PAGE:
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JAMA Pediatr. 2018 Nov 12. doi: 10.1001/jamapediatrics.2018.3619. [Epub ahead of print]

Association of Nurse Workload With Missed Nursing Care in the Neonatal Intensive Care Unit.

Author information

1
Center for Women, Children, and Youth, The Ohio State University College of Nursing, Columbus.
2
Department of Patient Services, Cincinnati Children's Hospital Medical Center, Cincinnati, Ohio.
3
Division of Behavioral Medicine and Clinical Psychology, Cincinnati Children's Hospital Medical Center, Cincinnati, Ohio.
4
Department of Pediatrics, College of Medicine, University of Cincinnati, Cincinnati, Ohio.
5
James M. Anderson Center for Health Systems Excellence, Cincinnati Children's Hospital Medical Center, Cincinnati, Ohio.
6
Department of Psychology, College of Arts and Sciences, University of Cincinnati, Cincinnati, Ohio.
7
School of Nursing, University of North Carolina at Chapel Hill, Chapel Hill.
8
Martha S. Pitzer Center for Women, Children, and Youth, The Ohio State University College of Nursing, Columbus, Ohio.

Abstract

Importance:

Quality improvement initiatives demonstrate the contribution of reliable nursing care to gains in clinical and safety outcomes in neonatal intensive care units (NICUs); when core care is missed, outcomes can worsen.

Objective:

To evaluate the association of NICU nurse workload with missed nursing care.

Design, Setting, and Participants:

A prospective design was used to evaluate associations between shift-level workload of individual nurses and missed care for assigned infants from March 1, 2013, through January 31, 2014, at a 52-bed level IV NICU in a Midwestern academic medical center. A convenience sample of registered nurses who provided direct patient care and completed unit orientation were enrolled. Nurses reported care during each shift for individual infants whose clinical data were extracted from the electronic health record. Data were analyzed from January 1, 2015, through August 13, 2018.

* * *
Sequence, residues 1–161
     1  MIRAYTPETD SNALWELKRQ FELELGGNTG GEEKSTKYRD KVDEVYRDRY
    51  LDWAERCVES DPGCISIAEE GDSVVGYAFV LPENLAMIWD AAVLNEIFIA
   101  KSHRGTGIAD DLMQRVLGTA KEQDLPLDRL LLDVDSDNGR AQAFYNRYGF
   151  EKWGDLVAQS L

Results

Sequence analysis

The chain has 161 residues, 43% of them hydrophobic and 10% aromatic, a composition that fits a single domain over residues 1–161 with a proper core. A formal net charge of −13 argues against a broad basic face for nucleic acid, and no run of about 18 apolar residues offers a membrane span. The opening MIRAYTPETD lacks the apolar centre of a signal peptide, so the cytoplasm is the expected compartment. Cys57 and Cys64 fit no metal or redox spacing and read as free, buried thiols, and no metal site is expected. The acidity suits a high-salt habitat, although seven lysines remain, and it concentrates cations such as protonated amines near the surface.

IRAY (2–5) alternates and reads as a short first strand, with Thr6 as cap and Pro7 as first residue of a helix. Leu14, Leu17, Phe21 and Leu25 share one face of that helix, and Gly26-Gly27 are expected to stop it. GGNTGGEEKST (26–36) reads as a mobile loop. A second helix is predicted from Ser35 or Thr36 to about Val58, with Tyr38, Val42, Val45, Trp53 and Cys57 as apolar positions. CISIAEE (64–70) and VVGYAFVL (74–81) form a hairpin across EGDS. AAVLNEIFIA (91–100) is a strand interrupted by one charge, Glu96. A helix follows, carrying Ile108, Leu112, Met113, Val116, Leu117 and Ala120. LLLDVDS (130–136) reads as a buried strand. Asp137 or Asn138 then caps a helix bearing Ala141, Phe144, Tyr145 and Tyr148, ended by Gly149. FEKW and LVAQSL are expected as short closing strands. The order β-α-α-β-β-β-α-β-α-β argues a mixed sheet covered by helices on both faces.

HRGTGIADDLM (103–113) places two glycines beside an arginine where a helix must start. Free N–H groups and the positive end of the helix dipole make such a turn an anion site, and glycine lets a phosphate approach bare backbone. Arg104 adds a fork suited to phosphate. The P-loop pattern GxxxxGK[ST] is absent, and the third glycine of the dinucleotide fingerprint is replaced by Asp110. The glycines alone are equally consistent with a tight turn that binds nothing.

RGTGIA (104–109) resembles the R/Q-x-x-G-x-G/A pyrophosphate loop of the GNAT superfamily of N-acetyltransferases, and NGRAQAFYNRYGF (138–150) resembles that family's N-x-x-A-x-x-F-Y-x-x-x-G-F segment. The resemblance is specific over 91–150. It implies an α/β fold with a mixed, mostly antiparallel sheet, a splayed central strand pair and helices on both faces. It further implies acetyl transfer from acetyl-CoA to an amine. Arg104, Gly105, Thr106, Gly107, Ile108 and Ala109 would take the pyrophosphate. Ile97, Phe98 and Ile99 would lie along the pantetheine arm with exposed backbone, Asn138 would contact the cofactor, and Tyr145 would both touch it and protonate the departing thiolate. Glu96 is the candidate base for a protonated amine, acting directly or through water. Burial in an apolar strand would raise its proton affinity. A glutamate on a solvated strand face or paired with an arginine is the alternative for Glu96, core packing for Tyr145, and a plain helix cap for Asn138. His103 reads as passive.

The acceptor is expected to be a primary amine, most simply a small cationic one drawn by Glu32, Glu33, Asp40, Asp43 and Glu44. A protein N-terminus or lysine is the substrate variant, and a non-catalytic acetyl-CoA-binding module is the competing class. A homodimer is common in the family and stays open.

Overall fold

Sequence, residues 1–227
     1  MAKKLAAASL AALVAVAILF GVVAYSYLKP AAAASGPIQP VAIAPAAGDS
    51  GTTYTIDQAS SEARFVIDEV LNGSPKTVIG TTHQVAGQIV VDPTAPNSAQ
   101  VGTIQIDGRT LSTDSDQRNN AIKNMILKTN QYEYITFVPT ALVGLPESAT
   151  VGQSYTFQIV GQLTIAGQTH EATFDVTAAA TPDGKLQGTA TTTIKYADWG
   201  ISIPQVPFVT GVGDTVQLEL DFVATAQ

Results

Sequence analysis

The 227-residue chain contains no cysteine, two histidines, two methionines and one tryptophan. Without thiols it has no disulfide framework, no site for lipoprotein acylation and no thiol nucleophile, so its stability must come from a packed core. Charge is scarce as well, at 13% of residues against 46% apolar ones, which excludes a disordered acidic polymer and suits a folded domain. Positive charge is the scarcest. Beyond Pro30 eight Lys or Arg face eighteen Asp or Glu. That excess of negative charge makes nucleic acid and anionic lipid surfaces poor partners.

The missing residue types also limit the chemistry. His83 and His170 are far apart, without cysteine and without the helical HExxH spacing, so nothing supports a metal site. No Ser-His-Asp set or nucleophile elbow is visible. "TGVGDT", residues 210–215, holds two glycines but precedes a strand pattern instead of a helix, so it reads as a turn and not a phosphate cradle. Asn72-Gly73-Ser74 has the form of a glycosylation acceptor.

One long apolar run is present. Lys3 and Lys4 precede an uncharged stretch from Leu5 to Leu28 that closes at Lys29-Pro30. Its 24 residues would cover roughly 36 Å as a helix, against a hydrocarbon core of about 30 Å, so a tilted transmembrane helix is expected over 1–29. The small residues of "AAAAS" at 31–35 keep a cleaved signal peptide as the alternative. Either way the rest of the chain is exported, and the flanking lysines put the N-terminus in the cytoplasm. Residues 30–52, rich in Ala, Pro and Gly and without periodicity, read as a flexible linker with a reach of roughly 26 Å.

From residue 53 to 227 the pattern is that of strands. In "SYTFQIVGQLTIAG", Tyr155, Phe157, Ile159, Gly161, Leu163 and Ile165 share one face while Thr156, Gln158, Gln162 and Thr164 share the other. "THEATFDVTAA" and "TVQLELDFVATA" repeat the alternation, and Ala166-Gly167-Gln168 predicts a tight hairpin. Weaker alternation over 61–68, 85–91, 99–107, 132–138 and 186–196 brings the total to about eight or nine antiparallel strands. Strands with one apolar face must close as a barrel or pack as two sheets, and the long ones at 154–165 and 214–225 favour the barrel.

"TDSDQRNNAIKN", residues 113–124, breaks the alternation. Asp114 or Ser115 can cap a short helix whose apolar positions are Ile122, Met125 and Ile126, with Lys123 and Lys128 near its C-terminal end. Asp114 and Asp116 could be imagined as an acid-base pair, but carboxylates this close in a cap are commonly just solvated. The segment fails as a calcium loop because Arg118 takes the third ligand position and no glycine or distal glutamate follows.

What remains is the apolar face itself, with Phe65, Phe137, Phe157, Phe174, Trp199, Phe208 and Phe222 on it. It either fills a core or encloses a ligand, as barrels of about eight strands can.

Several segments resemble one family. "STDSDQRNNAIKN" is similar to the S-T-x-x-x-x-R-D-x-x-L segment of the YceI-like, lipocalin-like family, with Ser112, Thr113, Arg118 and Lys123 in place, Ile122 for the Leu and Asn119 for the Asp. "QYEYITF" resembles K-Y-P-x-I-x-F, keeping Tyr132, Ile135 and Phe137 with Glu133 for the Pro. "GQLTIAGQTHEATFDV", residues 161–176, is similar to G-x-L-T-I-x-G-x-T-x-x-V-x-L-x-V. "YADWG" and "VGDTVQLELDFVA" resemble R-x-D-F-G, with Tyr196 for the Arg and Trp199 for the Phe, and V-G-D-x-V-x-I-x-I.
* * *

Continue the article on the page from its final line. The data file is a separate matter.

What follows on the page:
Exposures:

Workload was assessed each shift with objective measures (infant-to-nurse staffing ratio and infant acuity scores) and a subjective measure (the National Aeronautics and Space Administration Task Load Index [NASA-TLX]).

Main Outcomes and Measures:

Missed nursing care was measured by self-report of omission of 11 essential care practices. Cross-classified, multilevel logistic regression models were used to estimate associations of workload with missed care.

Results:

A total of 136 nurses provided reports of shift-level workload and missed nursing care for 418 infants during 332 shifts of 12 hours each. When workload variables were modeled independently, 7 of 12 models demonstrated a significant worsening association of increased infant-to-nurse ratio with odds of missed care (eg, nurses caring for ≥3 infants were 2.51 times more likely to report missing any care during the shift [95% credible interval, 1.81-3.47]), and all 12 models demonstrated a significant worsening association of increased NASA-TLX subjective workload ratings with odds of missed care (eg, each 5-point increase in a nurse's NASA-TLX rating during a shift was associated with a 34% increase in the likelihood of missing a nursing assessment for his or her assigned infant[s] during the same shift [95% credible interval, 1.30-1.39]). When modeling all workload variables jointly, only 4 of 12 models demonstrated significant association of staffing ratios with odds of missed care, whereas the association with NASA-TLX ratings remained significant in all models. Few associations of acuity scores were observed across modeling strategies.

Conclusions and Relevance:

The workload of NICU nurses is significantly associated with missed nursing care, and subjective workload ratings are particularly important. Subjective workload represents an important aspect of nurse workload that remains largely unmeasured despite high potential for intervention.

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